Overexposure to Blue Light Can Cause More than Eye Strain


In this technology-driven world, regular exposure to blue light from digital devices is inevitable.

Computer screens at home and at work, flat-screen televisions, smartphones and tablets are prime sources of high-energy, short-wavelength blue light, and many of us spend hours staring at them. The 2016 American Eye-Q Survey conducted by the American Optometric Association (AOA) found that while 88 percent of Americans are aware that digital devices can negatively affect vision, the average person still spends at least seven hours a day looking at screens. The survey also found that the average millennial spends nine hours a day on devices that emit blue light.

Computer Vision Syndrome, or digital eye strain, is probably the complication of prolonged exposure to blue light most people are familiar with. But too much blue light affects more than eye health. In addition to blurred vision and dry eyes, it could lead to sleep problems, headaches, neck and shoulder pain, and other problems. These symptoms can result from things like lighting issues, improper viewing angles, poor seating posture, and uncorrected vision problems such as astigmatism-a defect in the cornea-and farsightedness.

Don't worry: Staring at digital devices for long periods doesn't cause serious or permanent eye damage. But you should still take steps to stop the recurrence of bothersome symptoms.

The first thing you should do is get a comprehensive, routine eye exam, which, among other state-of-the-art ophthalmic services, is offered at The Krieger Eye Institute

Here's what else you can do to limit your exposure to blue light:

  • Cut down on your digital device usage before turning in. Nighttime exposure to blue light can make it difficult to fall asleep. Consider turning off your digital devices about an hour before bedtime.
  • Adjust your digital device accordingly. You can dim the glare from screens by modifying your brightness and color temperature settings or using a glare filter. Smartphones, for instance, allow you to set your own brightness level or have screen brightness adjusted automatically via a sensor as per your surroundings. Some phones also have a built-in blue light filter. A popular app called f.lux, available for Microsoft Windows, macOS, Linux, some Android phones and jailbroken iOS devices, can adjust the color temperature of your screen according to location and time of day. (Apple devices aren't compatible with f.lux, but have a "Night Shift" option that works similarly.) Third-party filtering apps also are available for smartphones, tablets and laptops.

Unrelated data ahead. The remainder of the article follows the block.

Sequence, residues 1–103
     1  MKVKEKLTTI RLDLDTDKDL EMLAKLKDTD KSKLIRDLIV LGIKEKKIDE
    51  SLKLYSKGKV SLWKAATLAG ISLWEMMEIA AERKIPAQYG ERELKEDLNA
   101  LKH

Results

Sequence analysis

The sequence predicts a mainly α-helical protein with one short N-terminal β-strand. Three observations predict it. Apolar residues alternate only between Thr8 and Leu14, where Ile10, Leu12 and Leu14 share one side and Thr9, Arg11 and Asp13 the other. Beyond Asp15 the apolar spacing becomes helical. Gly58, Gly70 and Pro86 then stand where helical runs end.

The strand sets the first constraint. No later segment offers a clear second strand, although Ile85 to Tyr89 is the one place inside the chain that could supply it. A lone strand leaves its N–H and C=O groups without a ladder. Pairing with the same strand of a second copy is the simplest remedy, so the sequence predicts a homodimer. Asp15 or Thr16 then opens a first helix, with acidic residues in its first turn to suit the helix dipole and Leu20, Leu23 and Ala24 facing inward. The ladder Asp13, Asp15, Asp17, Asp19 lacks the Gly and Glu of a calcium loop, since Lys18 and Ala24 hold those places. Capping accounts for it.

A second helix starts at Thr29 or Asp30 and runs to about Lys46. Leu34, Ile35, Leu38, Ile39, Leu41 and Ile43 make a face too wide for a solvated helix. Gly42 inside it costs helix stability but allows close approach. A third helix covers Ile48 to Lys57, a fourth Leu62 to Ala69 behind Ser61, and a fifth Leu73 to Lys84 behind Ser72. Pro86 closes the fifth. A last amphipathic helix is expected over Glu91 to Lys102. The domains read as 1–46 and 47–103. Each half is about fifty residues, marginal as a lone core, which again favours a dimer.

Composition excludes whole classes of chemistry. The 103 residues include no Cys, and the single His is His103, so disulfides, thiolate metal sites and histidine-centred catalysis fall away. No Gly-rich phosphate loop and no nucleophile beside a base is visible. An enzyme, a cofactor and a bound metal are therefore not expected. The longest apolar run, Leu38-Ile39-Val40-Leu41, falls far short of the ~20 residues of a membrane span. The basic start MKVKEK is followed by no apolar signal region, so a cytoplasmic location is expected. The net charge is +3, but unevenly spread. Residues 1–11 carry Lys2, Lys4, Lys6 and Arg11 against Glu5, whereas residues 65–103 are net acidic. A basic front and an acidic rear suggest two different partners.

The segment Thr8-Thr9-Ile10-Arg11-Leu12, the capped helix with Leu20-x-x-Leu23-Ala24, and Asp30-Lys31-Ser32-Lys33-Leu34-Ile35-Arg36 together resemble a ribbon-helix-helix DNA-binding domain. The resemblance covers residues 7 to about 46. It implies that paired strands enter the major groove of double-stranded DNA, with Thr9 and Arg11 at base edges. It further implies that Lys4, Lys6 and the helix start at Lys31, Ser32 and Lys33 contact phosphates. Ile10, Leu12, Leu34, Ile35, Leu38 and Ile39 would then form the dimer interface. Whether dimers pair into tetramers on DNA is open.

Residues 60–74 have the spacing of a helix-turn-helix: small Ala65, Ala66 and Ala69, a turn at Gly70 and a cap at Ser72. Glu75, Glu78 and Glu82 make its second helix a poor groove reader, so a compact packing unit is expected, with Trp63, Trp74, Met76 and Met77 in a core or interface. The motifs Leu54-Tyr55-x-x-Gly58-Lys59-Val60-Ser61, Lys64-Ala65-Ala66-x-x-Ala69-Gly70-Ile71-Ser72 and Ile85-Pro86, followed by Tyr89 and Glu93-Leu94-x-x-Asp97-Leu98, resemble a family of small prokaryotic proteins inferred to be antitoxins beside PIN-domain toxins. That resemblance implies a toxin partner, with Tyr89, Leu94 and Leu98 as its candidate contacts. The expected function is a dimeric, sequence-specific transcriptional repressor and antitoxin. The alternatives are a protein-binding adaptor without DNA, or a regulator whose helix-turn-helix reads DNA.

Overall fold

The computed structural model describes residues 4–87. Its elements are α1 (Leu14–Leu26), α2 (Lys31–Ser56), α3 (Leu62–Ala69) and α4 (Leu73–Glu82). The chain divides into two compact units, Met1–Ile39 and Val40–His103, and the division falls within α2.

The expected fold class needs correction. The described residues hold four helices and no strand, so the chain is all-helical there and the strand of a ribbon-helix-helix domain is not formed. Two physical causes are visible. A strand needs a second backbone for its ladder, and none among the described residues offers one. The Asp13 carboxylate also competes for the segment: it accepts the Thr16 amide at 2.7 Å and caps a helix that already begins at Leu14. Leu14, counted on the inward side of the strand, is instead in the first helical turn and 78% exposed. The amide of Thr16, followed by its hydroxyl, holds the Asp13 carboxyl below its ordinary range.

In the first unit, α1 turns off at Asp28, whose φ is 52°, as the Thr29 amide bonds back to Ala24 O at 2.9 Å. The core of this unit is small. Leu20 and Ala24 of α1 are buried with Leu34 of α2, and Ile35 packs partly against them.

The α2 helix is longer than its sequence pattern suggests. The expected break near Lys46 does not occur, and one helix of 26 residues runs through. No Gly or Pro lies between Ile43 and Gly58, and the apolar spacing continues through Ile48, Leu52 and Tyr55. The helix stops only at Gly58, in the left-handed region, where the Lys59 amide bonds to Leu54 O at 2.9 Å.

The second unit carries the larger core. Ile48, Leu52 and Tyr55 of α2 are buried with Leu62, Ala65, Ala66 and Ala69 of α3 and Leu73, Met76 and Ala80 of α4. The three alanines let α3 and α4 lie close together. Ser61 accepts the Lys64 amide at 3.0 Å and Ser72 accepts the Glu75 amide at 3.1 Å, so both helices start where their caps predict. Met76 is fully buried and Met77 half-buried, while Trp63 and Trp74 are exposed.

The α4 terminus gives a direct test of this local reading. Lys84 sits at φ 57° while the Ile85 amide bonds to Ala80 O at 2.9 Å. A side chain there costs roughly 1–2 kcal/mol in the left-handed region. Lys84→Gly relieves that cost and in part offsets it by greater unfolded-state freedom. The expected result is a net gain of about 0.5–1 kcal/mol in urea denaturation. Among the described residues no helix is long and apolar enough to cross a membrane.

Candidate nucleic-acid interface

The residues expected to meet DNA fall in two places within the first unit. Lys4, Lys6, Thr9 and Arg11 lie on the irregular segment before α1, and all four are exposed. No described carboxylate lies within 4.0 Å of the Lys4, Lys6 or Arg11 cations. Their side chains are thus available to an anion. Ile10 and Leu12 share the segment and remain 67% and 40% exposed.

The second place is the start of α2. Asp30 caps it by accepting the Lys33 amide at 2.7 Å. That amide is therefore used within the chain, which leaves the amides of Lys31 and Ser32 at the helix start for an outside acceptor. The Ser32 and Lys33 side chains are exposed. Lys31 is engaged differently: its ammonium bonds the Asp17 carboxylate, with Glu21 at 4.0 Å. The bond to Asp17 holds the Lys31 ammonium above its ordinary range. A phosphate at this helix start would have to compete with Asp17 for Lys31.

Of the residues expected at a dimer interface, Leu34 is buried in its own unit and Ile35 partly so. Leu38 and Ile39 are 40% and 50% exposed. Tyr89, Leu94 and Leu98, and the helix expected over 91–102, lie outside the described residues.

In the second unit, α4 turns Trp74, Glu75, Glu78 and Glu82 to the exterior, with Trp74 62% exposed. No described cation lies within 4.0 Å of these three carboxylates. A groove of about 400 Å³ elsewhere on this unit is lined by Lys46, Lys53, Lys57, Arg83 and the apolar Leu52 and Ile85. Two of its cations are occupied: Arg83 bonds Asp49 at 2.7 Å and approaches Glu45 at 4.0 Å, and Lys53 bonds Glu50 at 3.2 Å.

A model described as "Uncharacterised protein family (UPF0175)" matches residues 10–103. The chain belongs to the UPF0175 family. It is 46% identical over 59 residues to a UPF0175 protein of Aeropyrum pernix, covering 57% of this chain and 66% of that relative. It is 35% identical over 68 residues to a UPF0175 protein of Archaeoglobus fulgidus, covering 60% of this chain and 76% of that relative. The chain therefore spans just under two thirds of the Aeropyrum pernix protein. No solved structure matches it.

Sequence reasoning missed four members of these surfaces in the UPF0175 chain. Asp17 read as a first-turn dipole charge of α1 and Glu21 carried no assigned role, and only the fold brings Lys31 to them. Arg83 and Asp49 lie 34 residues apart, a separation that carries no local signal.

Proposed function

• Follow the 20-20-20 rule. Many eye health experts recommend taking a 20-second screen break every 20 minutes and looking at something 20 feet away. This strategy can help reduce or prevent eye strain. It also might not be a bad idea to do some extra blinking during those breaks. You tend to blink considerably less while focused on digital screen devices, and that could lead to dry, uncomfortable eyes. Regular breaks from your computer station may also help with neck and shoulder pain. You can also try adjusting the height of your chair so that your feet rest flat on the floor. The AOA says the arms of your chair should be adjusted to provide arm support while you are typing. Avoid resting your wrists on the keyboard when typing.
  • Keep your distance. Put some space between you and your PC, and don't hold your smartphone or tablet so close to your face. Use the zoom feature to view small print instead of bringing your digital device closer to your eyes. Also, sit about 20 inches, or arm's length, from your computer monitor. If possible, position your monitor perpendicular to the window, and so the top line of your screen is at or below eye level. Optimally, the screen should be 15 to 20 degrees (about 4 or 5 inches) below eye level as measured from the center of the screen, and 20 to 28 inches from the eyes, the AOA says.

At The Krieger Eye Institute, our expert ophthalmologists help patients suffering from the symptoms of eye strain and overexposure to blue light. With the Krieger Eye Institute at Northwest Hospital, Sinai Hospital and at Quarry Lake, you have access to specialists, technologies and personalized care that you deserve. If you experience any of these symptoms or want more tips for eye health, schedule an appointment at The Krieger Eye Institute by calling 410-601-2020.